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It’s the process, silly!

So yesterday, I went off on some of the subtleties in elearning that are being missed.  This is tied to last weeks posts about how we’re not treating elearning seriously enough.  And part of it is in the knowledge and skills of the designers, but it’s also in the process. Or, to put it another way, we should be using steps and tools that align with the type of learning we need. And I don’t mean ADDIE, though not inherently.

So what do I mean?  For one, I’m a fan of Michael Allen’s Successive Approximation Model (SAM), which iterates several times (tho’ heuristically, and it could be better tied to a criterion).  Given that people are far less predictable than, say, concrete, fields like interface design have long known that testing and refinement need to be included.  ADDIE isn’t inherently linear, certainly as it has evolved, but in many ways it makes it easy to make it a one-pass process.

Another issue, to me, is to structure the format for your intermediate representations so that make it hard to do aught but come up with useful information.  So, for instance, in recent work I’ve emphasized that a preliminary output is a competency doc that includes (among other things)  the objectives (and measures), models, and common misconceptions.  This has evolved from a similar document I use in (learning) game design.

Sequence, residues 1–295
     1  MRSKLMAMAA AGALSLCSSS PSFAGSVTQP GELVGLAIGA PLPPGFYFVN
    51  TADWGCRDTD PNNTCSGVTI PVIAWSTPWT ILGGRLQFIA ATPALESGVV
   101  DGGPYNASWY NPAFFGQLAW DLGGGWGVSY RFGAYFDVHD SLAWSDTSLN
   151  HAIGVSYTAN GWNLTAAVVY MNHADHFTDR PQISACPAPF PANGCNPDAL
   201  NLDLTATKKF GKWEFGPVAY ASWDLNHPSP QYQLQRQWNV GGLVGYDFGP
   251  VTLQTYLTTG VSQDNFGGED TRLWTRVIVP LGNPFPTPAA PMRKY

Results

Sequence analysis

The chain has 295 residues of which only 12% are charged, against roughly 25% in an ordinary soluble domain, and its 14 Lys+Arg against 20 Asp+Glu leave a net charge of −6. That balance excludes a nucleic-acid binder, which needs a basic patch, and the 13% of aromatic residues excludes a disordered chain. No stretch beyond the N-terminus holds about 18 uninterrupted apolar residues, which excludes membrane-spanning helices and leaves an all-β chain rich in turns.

You then need to capture your initial learning flow. This is what Dick & Carey call your instructional strategy, but to me it’s the overall experience of the learner, including addressing the anxieties learners may feel, raising their interest and motivation, and systematically building their confidence.  The anxieties or emotional barriers to learning may well be worth capturing at the same time as the competencies, it occurs to me (learning out loud ;).

It also helps if your tools don’t interfere with your goals.  It should be easy to create animations that help illustrate models (for the concept) and tell stories (for examples).  These can be any media tools, of course. The most important tools are the ones you use to create meaningful practice. These should allow you to create mini-, linear-, and branching-scenarios (at least).  They should have alternative feedback for every wrong answer. And they should support contextualizing the practice activity. Note that this does not mean tarted up drill and kill with gratuitous ‘themes’ (race cars, game shows).  It means having learners make meaningful decisions and act on them in ways like they’d act in the real world (click on buttons for tech, choose dialog alternatives for interpersonal interactions, drag tools to a workbench or adjust controls for lab stuff, etc).

Putting in place processes that only use formal learning when it makes sense, and then doing it right when it does make sense, is key to putting L&D on a path to relevancy.   Cranking out courses on demand, focusing on measures like cost/butt/seat, adding rote knowledge quizzes to SME knowledge dumps, etc are instead continuing down the garden path to oblivion. Are you ready to get scientific and strategic about your learning design?

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